Bridget Jordan's Testimony by Marilyn

Mr. Griffith continued to address the crowd. “And now we will hear from a young lady who would like to tell you about her encounter with Hannibal Heyes and Kid Curry. Miss Jordan . . . .”

A pretty young girl started toward the front of the room wearing what would be described as her “Sunday Best.” Her long hair was softly curled with parts neatly tucked up under her hat in an attempt to make her look older than her 16 years. The eyes of the audience were on her as she approached the podium; no doubt they were wondering how such a young girl would have come into contact with the well-known outlaws. Miss Jordan glanced nervously into a crowd of unfamiliar faces and, sensing their uncertainty, looked to the back of the room. Her eyes met her mother's. Mrs. Jordan gave her daughter a reassuring nod, which the young lady then returned. Miss Jordan then looked out into her audience, a little less nervous now, and began her story.

“Good afternoon. My name is Bridget Jordan and I’m not very good at talking in front of people, but when Sheriff Trevors asked our family to speak for Mr. Heyes and Mr. Curry, I, I wanted to tell my story of how they helped us, and Ma said I could.

“About two summers ago when my Ma was on her way home from town, she met up with Mr. Heyes and Mr. Curry. They said they lost their horses in the desert, so Mom brought them home. They only stayed with us a short time, but that time changed our lives.

“We were living on a worn-down ranch. Pa wanted us to move to Denver, but had a hard time selling the ranch, then he broke his leg, so things started falling apart. Besides, my little sister Beth and me really liked the ranch. We would make up great adventures and go swampin’. Joshua … I mean Mr. Heyes and . . . Mr. Curry fixed some broken fences and did other chores around the place. When they weren’t working, they would play games with Beth and me and we even went on a picnic. Mr. Heyes told me how nice Denver was and made me feel better about Pa wanting us to move there. I remember one evening when Joshua . . . er . . . Mr. Heyes picked up Pa’s old guitar and started playing. He taught Beth and me a song and we sung it to Ma and Pa and it really made them smile. I still remember it and sometimes sing it when I’m alone. It helps me remember the time when they stayed with us.

“After a few days, a sheriff and posse showed up and said they were looking for Hannibal Heyes and Kid Curry. I didn’t want to believe that Joshua and Thaddeus were the outlaws that we all heard about, but when Ma asked them if they were Heyes and Curry, they said that they were. Joshua talked Ma and Pa into turning them in for the reward money instead of letting the posse have it. Watching the sheriff take them away was really hard for me and Beth and we didn’t want to see them go to jail, so we decided to help them get away. Turned out that the sheriff thought that it was Ma’s idea, and we all got arrested.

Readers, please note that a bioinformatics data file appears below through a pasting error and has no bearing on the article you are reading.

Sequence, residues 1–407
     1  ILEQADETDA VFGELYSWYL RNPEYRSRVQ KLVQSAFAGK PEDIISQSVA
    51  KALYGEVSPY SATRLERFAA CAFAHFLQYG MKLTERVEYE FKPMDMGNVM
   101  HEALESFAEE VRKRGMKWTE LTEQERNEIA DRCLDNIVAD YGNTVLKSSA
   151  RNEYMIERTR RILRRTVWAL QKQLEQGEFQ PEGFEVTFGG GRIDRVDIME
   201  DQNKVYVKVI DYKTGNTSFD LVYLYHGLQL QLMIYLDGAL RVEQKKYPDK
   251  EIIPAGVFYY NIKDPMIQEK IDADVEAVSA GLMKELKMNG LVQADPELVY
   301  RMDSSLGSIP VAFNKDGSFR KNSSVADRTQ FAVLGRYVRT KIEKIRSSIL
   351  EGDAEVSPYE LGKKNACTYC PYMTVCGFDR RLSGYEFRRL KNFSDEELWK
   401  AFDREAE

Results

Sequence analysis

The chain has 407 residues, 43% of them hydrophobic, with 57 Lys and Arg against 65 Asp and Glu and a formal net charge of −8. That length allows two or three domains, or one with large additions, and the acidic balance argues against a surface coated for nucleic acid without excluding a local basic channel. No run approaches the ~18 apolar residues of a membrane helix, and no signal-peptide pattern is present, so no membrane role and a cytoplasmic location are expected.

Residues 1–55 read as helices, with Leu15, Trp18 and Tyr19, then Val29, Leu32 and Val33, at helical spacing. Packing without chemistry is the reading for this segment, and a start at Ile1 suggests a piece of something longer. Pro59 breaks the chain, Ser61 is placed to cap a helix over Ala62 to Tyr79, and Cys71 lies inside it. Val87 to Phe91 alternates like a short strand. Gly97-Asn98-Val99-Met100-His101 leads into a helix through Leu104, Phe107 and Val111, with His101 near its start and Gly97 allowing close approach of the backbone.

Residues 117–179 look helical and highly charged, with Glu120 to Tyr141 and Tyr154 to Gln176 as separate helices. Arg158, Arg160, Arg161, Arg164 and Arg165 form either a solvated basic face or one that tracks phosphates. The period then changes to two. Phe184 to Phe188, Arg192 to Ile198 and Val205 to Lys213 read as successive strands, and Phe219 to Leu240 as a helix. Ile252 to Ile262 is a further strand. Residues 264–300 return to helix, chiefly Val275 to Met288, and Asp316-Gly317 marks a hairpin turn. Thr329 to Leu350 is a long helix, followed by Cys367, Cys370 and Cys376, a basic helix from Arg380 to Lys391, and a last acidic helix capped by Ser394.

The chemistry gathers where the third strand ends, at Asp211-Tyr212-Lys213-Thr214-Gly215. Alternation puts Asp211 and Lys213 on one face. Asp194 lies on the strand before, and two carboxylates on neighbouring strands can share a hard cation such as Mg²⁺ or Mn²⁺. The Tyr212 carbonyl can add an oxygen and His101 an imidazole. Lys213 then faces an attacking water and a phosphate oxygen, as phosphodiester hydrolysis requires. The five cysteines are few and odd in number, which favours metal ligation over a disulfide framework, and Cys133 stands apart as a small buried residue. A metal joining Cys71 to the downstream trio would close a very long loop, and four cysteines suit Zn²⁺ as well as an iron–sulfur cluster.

“After a while, Mr. Heyes and Mr. Curry came back to see if we were in any trouble. When they heard that we got arrested, Mr. Heyes volunteered to go to the sheriff and tell him that Ma didn’t plan the escape, but Ma and Pa wouldn’t let him because they didn’t want them to get arrested again. At the trial the judge sentenced Ma to three years in a prison. Beth and me were really scared she would have to go to jail especially since it was our fault. "We didn’t know that Mr. Curry was sitting in the back of the courtroom. When he heard the sentence, he got up and told the judge that Ma knew nothing about what Beth and me were gonna do. We were really glad the judge believed him and let Ma go free. When we got home, we found a note on the table. They left us money so that we could move . . . and they didn’t steal the money either. Beth and me really didn’t want to leave the ranch, but it turned out to be best for all of us.

“Pa got a job teaching at the university in Denver. Me and Beth got to go to school again and we made some good friends, and Ma is real happy and likes helping out at the hospital and going to concerts.

“You know, we weren’t afraid when we found out that Joshua and Thaddeus were really outlaws. I guess they could’ve taken us hostage when the sheriff showed up and gotten away, but I don’t think they ever even thought about doing that. They also could have just disappeared and let Ma go to jail, but they didn’t. I don’t want to think about what would have happened to us if they wouldn’t have helped us. I need my Ma and so does my Pa and Beth, and Mr. Heyes thought up a way to keep us together. And they didn’t have to leave us the money to get a start in Denver, either.

"I just wanted to let you all know that Mr. Heyes and Mr. Curry were really good to us and that they would never hurt anyone. I think they should be given an . . . amnesty and be allowed to go wherever they want to. I hope they come to Denver someday and visit us. I’d even bake another pie for them, maybe blueberry this time. Thank you for letting me tell my story.”

Bridget gave a warm smile as she ended her testimony, quite pleased that she was able to finish her story and hopeful that her testimony would help the two men who meant so much to her—-two men that she thought of as family.

Alice Banion's Testimony